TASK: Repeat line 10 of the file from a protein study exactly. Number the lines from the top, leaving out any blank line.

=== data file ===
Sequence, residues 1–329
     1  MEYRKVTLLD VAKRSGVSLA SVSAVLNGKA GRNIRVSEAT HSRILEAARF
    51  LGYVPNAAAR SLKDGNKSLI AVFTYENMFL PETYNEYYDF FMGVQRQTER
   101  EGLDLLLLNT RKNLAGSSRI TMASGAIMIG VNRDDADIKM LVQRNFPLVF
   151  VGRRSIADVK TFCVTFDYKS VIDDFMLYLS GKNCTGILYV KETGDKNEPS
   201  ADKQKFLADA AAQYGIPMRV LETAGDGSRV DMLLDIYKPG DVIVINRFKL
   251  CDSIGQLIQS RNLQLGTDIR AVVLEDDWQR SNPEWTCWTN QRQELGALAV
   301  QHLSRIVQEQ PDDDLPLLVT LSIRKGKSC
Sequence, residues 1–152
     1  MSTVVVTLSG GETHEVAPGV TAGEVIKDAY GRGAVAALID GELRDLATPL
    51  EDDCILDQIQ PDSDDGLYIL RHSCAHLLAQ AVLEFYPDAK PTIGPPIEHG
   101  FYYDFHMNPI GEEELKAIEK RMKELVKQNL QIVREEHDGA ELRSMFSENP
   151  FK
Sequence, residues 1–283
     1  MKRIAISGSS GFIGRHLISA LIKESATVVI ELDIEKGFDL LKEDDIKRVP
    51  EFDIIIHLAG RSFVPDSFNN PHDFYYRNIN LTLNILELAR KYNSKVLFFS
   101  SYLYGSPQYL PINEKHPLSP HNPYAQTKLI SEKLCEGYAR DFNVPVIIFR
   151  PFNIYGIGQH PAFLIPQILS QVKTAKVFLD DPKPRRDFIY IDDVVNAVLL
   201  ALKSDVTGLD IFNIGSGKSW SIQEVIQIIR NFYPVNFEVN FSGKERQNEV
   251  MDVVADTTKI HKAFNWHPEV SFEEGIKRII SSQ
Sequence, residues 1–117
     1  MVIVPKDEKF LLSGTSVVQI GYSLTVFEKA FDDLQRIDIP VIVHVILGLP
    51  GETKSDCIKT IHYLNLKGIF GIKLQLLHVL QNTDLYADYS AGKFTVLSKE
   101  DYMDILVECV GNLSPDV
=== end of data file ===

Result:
     1  MSTVVVTLSG GETHEVAPGV TAGEVIKDAY GRGAVAALID GELRDLATPL